Taoiseach rejects call for cancellation of Leaving Cert exams

Posted in Fees, access and admissions, Governance and administration on February 18th, 2021 by steve

Ireland“Taoiseach Micheál Martin has rejected a call for the Leaving Certificate exams to be cancelled and for a university place to be offered to every student who wants one. He also rejected claims that the Government had been ‘dithering’ over the status of the exams and said it was engaging with all the education partners to give students the clarity on the exams that they need …” (more)

[Marie O’Halloran, Irish Times, 17 February]

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Leaving Cert talks between Government and teacher unions to continue

Posted in Teaching on February 15th, 2021 by steve

Ireland“Intensive talks between the Government and teacher unions will continue on Monday in a bid to find agreement on this year’s Leaving Cert State exam. Both sides held confidential discussions throughout the weekend, but Government sources said there was no certainty that agreement could be reached in time for Tuesday’s Cabinet meeting …” (more)

[Jennifer Bray, Sarah Burns, Simon Carswell and Anne Lucey, Irish Times, 15 February]

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Taoiseach addresses TUSEI issue in Dáil

Posted in Governance and administration on February 5th, 2021 by steve

Ireland“The Taoiseach says no decision has been made on the headquarters of the new university in the South East. Michael Martin was responding to questions in the Dáil from Matt Shanahan. The Independent TD says the technological university process appears to have turned negative, with outside political influence wishing to see WIT’s leadership credentials dismantled …” (more)

[Julie Smyth, WLR FM, 4 February]

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University Autonomy is Under Threat. Colleges Must Step Up

Posted in Governance and administration on February 1st, 2021 by steve

Ireland“Alarm bells sounded last week when this newspaper reported that the government is considering a bill which would give the Minister for Higher Education the power to suspend or replace the governing bodies of a state-funded universities if it has serious concerns about how the institution is being run …” (more)

[University Times, 31 January]

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Taoiseach: Combination of calculated grades system and written Leaving Cert exam ‘preferred option’

Posted in Teaching on February 1st, 2021 by steve

Ireland“A combination of a calculated grades system and a written exam is the current ‘preferred option’ to be offered to 60,000 students due to sit the Leaving Certificate this year. Taoiseach Micheál Martin, in an interview with the Irish Examiner, has said the Government is keen to give choices to students with a clear desire to hold some form of a written exam …” (more)

[Daniel McConnell, Irish Examiner, 1 February]

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‘Inflexible’ Leaving Cert uses ‘limited range’ of assessments, says Taoiseach

Posted in Teaching on January 20th, 2021 by steve

Ireland“The Leaving Certificate is ‘often too inflexible’ and uses a ‘very limited range’ of methods for assessing learning, Taoiseach Micheál Martin has told educators. Mr Martin was speaking at the launch of the 2020 Education Matters Education Yearbook this afternoon …” (more)

[Jess Casey, Irish Examiner, 19 January]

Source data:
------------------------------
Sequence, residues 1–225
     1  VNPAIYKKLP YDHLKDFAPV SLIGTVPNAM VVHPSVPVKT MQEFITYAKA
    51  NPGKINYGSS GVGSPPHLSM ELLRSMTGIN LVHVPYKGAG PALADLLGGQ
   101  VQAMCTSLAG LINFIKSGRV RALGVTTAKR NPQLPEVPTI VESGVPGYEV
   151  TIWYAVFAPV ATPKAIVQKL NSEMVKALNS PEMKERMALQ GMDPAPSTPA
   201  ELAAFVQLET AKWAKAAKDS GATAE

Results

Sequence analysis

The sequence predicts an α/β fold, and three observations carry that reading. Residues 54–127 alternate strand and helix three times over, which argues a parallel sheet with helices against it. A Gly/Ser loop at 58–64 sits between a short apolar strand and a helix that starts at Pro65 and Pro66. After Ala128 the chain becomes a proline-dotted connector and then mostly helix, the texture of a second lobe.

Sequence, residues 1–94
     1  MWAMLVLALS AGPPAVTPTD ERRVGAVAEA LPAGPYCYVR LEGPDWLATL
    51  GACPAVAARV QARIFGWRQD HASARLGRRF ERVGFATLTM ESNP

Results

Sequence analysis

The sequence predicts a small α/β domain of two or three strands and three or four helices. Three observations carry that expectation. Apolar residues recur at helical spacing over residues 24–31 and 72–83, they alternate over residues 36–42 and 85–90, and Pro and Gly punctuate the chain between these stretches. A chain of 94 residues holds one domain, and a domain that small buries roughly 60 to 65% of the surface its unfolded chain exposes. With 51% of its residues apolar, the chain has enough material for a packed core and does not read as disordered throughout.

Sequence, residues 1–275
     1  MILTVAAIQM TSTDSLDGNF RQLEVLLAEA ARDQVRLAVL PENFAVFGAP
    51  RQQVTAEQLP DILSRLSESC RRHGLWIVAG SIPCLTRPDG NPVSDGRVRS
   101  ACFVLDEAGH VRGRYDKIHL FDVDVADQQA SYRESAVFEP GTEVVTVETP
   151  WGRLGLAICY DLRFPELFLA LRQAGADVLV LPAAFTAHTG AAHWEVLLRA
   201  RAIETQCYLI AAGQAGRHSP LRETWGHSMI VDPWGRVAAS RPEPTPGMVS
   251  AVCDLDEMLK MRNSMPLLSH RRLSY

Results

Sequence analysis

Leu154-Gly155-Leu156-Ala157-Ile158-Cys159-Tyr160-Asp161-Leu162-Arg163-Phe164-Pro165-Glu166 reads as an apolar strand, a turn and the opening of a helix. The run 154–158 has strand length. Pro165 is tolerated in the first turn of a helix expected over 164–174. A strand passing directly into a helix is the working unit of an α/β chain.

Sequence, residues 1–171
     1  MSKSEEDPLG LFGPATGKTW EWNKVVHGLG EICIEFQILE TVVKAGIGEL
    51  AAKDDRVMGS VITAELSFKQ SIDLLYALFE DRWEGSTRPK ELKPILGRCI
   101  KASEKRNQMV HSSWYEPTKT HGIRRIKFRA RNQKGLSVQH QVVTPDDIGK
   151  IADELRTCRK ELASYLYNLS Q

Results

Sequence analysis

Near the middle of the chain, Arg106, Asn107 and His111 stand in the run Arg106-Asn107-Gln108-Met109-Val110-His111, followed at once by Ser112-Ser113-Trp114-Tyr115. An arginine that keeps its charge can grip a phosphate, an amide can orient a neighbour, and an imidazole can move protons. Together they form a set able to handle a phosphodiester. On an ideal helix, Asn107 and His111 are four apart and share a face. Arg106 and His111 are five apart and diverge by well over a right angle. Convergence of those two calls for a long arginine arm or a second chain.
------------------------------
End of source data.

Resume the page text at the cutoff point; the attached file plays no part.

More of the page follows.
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Calls growing for Leaving Cert 2021 to be cancelled as TD warns of huge mental health risks for students

Posted in Teaching on January 6th, 2021 by steve

Ireland“This year’s Leaving Cert should be cancelled as a result of Covid-19, with all students allowed to access their first or second-choice college courses, a Solidarity–People Before Profit TD has insisted. Mick Barry said today that running the exams – a rite of passage for thousands of young people across the country every year – risks ‘the potential for an unacceptable level of mental health pressures on a large number of leaving cert students’ …” (more)

[Donal MacNamee, Irish Mirror, 6 January]

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Taoiseach told of student nurses’ concerns as early as last summer

Posted in Governance and administration on December 31st, 2020 by steve

Ireland“Shortly after 3.30pm on September 2nd, Taoiseach Micheál Martin sent an email to Minister for Health Stephen Donnelly. He was following up on correspondence received from a student nurse who expressed concern about unpaid placements in hospitals during the Covid-19 pandemic. Martin wanted Donnelly to have the student’s points examined and to let him know what he found out …” (more)

[Martin Wall, Irish Times, 31 December]

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University fees will not rise under current Government, vows Taoiseach

Posted in Fees, access and admissions on December 24th, 2020 by steve

Ireland“University fees will not rise during the lifetime of this Government, Taoiseach Micheal Martin has said. Irish students currently face annual fees of up to €3,000 to attend college, a rate that is among the highest in Europe …” (more)

[James Ward, Belfast Telegraph, 23 December]

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Colleges to remain online as January restrictions tightened

Posted in Teaching on December 22nd, 2020 by steve

Ireland“Colleges and higher level institutions are to remain primarily online in the start of the new year, Taoiseach Michéal Martin has said. This comes after a sharp rise in cases over recent days, after the UK announced a new variant had broken out in London and other colleges are to remain online until January 12 as part of a tightening of restrictions …” (more)

[Shannon Connolly, Trinity News, 22 December]

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Student nurses rostered for work should be paid, Taoiseach says